I have a special surprise this Friday. An interview with the author of Come Autumn, Nanette Monson Kern. I was the editor for this book. You can purchase it at amazon.com, borders.com, or pdbookstore.com. Onto the interview…

Day 88 – a good book and a cup of tea

Tell us a little bit about yourself:

I was born in Southern California, and lived there until I was seventeen. I then attended Brigham Young University as a music major, completing two and half years before the sound of wedding bells lured me away. Ten children later, when I was fifty years old, I tremulously enrolled at the University of Utah, where I?much to my amazement?became the guru to my younger cohorts. I there completed a BS degree in psychology, and happily graduated summa cum laude.

What was your inspiration for this book?

For years I riffled through the convolutions of my mind, searching for an idea that might awaken my literary muse. Nothing! Then, in the preface to a book that I just happened to pick up, the author stated that her ideas came from asking herself, “What if?”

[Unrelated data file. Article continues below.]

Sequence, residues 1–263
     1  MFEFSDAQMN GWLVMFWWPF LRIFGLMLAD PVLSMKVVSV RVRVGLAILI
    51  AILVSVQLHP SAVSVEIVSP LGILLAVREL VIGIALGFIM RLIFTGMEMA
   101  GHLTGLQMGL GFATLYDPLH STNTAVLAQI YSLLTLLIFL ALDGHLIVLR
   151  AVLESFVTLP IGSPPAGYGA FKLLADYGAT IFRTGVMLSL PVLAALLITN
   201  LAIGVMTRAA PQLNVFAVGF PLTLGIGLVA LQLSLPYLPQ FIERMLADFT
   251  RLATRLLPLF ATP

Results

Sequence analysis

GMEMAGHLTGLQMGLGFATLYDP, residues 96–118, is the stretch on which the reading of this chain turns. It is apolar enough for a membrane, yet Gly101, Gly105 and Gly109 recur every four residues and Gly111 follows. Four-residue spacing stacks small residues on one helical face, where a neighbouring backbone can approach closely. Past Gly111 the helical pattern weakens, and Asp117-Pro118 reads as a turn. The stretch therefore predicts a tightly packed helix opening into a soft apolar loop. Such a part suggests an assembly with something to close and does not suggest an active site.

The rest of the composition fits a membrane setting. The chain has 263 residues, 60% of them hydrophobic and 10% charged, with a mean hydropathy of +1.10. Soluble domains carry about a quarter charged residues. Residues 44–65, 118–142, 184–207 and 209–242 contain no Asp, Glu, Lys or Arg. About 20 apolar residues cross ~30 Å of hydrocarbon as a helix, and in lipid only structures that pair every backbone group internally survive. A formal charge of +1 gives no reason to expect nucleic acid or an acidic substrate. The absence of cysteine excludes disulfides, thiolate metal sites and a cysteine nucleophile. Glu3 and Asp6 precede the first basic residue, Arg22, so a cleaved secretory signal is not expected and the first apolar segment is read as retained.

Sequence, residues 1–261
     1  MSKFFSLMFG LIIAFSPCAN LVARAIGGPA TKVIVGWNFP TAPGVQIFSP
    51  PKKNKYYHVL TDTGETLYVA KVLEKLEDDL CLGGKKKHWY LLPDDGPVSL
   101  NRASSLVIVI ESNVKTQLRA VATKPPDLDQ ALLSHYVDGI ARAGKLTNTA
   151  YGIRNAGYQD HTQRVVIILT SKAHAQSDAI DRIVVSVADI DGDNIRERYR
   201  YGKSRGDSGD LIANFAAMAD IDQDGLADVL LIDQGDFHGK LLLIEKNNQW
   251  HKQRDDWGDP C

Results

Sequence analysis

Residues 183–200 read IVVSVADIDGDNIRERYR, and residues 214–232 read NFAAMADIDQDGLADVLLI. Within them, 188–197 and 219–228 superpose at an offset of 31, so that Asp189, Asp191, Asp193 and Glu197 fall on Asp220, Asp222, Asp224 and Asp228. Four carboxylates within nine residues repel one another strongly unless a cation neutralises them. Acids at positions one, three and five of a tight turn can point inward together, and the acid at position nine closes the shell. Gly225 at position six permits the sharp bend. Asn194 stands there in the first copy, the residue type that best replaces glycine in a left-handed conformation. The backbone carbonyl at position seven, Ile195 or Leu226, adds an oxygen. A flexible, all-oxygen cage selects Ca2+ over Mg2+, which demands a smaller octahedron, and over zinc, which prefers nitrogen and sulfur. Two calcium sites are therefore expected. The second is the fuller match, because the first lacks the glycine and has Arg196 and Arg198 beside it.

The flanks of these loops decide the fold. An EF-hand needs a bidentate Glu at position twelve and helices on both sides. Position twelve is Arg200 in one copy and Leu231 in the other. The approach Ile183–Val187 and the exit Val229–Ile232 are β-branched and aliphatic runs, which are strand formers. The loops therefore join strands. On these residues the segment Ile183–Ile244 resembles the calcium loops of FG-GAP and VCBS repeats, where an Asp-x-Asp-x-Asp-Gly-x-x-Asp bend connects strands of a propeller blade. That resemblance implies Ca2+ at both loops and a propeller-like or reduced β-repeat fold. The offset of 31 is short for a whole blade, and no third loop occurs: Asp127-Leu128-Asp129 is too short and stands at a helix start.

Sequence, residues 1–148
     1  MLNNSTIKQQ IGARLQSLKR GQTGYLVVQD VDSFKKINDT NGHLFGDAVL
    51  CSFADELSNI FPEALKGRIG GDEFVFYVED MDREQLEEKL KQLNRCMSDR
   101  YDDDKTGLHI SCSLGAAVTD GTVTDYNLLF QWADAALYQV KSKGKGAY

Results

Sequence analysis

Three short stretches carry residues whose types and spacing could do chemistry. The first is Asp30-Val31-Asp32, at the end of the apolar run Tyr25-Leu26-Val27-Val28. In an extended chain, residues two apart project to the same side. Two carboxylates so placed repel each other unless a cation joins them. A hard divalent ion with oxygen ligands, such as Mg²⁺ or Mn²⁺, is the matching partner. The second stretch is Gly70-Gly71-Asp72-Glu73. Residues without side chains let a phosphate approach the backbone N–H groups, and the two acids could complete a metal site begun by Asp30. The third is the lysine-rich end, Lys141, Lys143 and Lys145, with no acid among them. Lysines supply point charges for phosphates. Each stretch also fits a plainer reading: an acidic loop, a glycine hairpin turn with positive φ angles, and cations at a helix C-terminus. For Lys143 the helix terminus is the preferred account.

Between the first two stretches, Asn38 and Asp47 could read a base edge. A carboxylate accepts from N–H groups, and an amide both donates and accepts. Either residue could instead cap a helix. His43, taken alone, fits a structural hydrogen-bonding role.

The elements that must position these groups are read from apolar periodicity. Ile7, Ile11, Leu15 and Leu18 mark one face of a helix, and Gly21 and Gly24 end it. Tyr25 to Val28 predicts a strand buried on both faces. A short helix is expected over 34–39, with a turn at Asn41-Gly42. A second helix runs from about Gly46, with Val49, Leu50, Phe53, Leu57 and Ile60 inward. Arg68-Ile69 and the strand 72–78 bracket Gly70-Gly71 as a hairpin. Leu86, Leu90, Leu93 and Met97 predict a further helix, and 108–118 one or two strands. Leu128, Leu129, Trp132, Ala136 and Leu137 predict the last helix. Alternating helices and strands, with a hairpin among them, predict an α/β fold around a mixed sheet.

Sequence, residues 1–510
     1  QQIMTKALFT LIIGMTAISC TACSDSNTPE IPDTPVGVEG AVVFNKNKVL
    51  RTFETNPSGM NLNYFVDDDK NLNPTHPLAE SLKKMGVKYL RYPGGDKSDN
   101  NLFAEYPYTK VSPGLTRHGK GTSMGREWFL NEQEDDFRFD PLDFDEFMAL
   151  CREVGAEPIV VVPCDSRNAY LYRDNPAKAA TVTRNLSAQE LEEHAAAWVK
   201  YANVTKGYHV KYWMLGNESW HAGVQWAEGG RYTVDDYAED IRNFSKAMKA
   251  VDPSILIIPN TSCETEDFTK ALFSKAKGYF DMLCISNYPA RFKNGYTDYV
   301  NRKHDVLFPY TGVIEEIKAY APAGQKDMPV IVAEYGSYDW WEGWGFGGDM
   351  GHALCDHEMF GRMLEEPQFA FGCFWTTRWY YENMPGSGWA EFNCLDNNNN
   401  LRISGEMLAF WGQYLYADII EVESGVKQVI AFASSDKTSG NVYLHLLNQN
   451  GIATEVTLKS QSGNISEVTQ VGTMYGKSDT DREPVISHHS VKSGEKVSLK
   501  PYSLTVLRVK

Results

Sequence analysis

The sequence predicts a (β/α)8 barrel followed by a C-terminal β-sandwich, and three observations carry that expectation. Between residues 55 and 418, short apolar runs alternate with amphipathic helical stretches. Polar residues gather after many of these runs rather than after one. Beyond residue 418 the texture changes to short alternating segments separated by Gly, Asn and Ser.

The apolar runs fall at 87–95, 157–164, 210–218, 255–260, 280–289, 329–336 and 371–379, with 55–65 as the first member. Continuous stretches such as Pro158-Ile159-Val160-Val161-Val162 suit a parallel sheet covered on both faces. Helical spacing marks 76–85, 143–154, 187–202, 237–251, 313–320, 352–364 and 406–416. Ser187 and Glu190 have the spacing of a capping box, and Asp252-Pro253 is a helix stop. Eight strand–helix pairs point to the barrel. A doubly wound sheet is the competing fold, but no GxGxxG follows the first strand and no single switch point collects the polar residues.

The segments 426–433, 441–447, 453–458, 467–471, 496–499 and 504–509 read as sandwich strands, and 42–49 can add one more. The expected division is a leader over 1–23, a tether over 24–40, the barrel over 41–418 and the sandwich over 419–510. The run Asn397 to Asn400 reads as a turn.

I began thinking about a cousin of mine, who was an amazing musician, and who I thought was the smartest person in the world. I remembered, when I was very small, climbing up on the piano bench next to him and listening in awe as he improvised on the keyboard. So, I thought to myself, “‘What if’ this cousin and I had fallen in love? What might have happened?” Thus was born “Come Autumn,“ the saga of Margie and Richard, devoted cousins who couldn’t resist falling in love, but were destined for lives of heartache as their paths necessarily diverged.

What’s your favorite part?

Wow! That’s a tough one! I think, possibly, the night of the New Year’s Eve Dance. That conjures up all kinds of happy memories of my teenage years. Also, Margie, at that point, is finally old enough to comprehend the depth of Richard’s feelings for her.

Anything else you would like to add?

It seems that everyone wants to know how much of “Come Autumn” is autobiographical. Actually, the only thing that isn’t is the love story, itself. The family dynamic is very similar to that of my childhood. I simply took all of the events from my cousin’s life and created a story around them. Margie’s dad really is my dad, and the miraculous incidents I relate about him are genuine.

So there you have it. Let me know if you liked it. And check out the book; I loved editing it.